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Grounded by reality

There is room for further negotiations on both sides

26 July 2016, 8:30am
On Friday, the airline pilots’ union ALPA filed court proceedings against a prohibitory injunction against their right to strike. On paper, the case revolves around industrial relations; in reality, however, there is the survival of the national airline Air Malta, and all it represents, at stake.

Whether the pilots win their legal battle or not, the outcome of the case will matter little if there is no longer a national airline to be employed with. And if the information supplied by Air Malta’s lawyers is correct, that may well be the scenario as soon as next October.

Pilots have done a lot for Air Malta, and that is a fact that no one can deny. In an ideal world, it would be adequate for this service to be reflected in the best salaries permissible in the sector, and conditions to match. Sadly, however, we must come to terms with factors of competitiveness and efficiency that are afflicting the national carrier.

Air Malta, as one of its lawyers has revealed, is €66 million in the red: a very serious situation that has not been made public by the government. 

Indeed it is anomalous that this was revealed in court by the airline’s legal representatives, and not in parliament by the government – the only shareholder, to date – as it should have been. This lack of transparency on the airline’s financial situation is all the more worrying given the government’s commitment to achieve a turnaround for the national airline. 

Now that the information is in the public domain, the pilots’ demands can be assessed against the proper financial context. The reality is simple: ALPA is currently negotiating a contentious collective agreement reportedly tagged at €7 million, over and above a staggering salary bill of €11 million for the airline, while Air Malta is in the midst of negotiations to sell off a minority stake of 49% to Alitalia.

When this was revealed by MaltaToday, the pilots did not deny that they wanted a 30% increase on basic salaries over the next four years. They are contesting demands to fly for longer hours in the month: a move that would inevitably lead to redundancies amongst the 118-staff complement, and cost savings for the airline.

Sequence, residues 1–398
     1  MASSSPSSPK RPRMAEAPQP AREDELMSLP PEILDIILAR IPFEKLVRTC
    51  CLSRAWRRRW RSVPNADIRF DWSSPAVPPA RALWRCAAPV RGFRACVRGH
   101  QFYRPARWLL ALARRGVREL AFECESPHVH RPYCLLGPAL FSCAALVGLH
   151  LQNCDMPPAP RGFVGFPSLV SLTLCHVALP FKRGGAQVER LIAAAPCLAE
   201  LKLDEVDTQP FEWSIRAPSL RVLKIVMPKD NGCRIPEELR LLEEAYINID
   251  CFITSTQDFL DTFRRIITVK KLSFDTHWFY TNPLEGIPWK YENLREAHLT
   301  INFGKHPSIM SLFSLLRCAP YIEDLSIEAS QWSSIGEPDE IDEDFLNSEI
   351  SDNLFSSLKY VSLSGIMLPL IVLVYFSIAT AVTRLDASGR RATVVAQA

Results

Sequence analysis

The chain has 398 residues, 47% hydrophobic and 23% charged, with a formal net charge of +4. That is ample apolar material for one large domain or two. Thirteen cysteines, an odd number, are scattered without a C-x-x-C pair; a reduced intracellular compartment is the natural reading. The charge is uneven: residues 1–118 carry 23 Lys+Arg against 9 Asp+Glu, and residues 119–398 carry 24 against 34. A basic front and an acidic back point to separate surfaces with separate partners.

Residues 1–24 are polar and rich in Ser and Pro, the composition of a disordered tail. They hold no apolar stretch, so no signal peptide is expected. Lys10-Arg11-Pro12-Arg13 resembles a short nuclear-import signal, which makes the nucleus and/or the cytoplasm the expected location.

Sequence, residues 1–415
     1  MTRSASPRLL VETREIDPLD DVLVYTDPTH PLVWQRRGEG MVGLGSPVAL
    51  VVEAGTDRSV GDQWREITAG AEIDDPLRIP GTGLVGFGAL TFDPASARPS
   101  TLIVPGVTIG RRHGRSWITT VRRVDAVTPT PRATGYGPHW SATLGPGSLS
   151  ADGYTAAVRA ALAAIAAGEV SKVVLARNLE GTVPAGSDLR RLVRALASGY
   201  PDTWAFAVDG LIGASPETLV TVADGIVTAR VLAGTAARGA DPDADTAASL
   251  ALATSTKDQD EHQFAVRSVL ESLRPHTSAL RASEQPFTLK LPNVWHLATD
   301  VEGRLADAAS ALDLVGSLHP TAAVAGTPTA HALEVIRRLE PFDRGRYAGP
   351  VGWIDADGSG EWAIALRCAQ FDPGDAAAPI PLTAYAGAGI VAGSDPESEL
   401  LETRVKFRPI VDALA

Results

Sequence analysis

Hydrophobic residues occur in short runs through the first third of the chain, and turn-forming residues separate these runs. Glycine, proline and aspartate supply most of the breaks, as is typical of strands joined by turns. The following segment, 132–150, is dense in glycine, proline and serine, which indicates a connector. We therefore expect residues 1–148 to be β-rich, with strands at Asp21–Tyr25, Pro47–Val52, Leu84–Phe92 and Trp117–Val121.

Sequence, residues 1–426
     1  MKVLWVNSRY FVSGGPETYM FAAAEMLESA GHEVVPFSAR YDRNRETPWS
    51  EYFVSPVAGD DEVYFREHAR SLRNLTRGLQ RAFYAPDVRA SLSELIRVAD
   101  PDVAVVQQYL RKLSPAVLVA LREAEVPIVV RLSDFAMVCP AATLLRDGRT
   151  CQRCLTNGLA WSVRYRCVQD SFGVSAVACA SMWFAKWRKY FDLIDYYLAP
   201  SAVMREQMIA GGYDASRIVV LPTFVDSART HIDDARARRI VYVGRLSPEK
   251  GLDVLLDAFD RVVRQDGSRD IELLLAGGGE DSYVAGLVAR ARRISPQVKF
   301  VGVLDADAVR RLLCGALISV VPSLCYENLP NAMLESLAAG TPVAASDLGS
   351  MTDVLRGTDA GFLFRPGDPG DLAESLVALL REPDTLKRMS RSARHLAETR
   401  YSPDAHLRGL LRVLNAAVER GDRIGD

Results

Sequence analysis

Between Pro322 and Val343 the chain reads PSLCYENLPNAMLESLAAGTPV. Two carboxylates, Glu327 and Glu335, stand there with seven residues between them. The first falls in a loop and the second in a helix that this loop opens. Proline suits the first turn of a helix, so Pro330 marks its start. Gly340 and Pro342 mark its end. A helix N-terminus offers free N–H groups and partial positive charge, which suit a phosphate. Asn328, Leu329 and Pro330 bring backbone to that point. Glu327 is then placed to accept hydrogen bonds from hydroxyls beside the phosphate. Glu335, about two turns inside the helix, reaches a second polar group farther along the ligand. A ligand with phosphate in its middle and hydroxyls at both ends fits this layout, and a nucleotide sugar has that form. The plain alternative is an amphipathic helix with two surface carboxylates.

On its part, Air Malta management has long complained that pilots fly just 55 hours, which is far fewer than European counterparts. Flying longer hours in the month would reduce the airline’s salary bill, as it tries to make ends meet on the back of a €230 million restructuring plan that saw it trim the workforce, aircraft size, and routes to balance its books.

All this takes place against the backdrop of the proposed sale of a minority stake in the airline to Alitalia. Government sources claim the agreement with Alitalia hinges on guarantees that will improve productivity from Air Malta’s pilots. Failure to reach an agreement with the pilots will lead to a breakdown in talks with Alitalia: which indicates that ALPA may view the deal as leverage to exert further pressure on Air Malta at a critical juncture.

At this point, we must face hard facts. Given what we now know about the financial situation at Air Malta, the sale of a minority stake seems to be the only way out for the airline. And given what we know about the world aviation industry, and about Air Malta’s dedication to providing a national service at times of need… now, more than ever, it is worthwhile to preserve Air Malta: for the sake of the national interest, as much as for the sake of the pilots themselves, and the other employees as well.

Pilots negotiating a new four-year collective agreement have to come to terms with the reality of the situation: they fly far fewer hours than European counterparts, and to increase productivity they would have to fly more. If this is (as an ALPA lawyer told this newspaper) one of their main negotiating points, it is clearly unreasonable.

Nor is it simply enough to say that pilots, who are paid deservedly handsome salaries, would survive a redundancy and be able to find work elsewhere. Almost all of Air Malta’s pilots are based in Malta, and want to safeguard their quality of life. But they also must recognise that their salary bill is a major component of the total human resource cost at Air Malta. Negotiations work both ways, however, and Air Malta too must be willing to make concessions. The airline should, at the very least, guarantee Air Malta pilots that should redundancies ever take place at the airline, the dismissed pilots would be granted the first right of return should the airline have to re-engage pilots.

And while the pilots’ expectations in terms of remuneration might be excessive, their current package could be revised. Pilots who spoke to this newspaper say they have seen a €1,000 drop in their monthly earnings over the past years since the number of Air Malta flights has decreased, when the airline reduced its fleet from 12 aircraft to eight. They also point towards major discrepancies between their salaries, and those of senior management.

There is, in brief, room for further negotiations on both sides. But negotiations would be pointless, unless the discussion is underpinned by the reality on the ground.

DealToday
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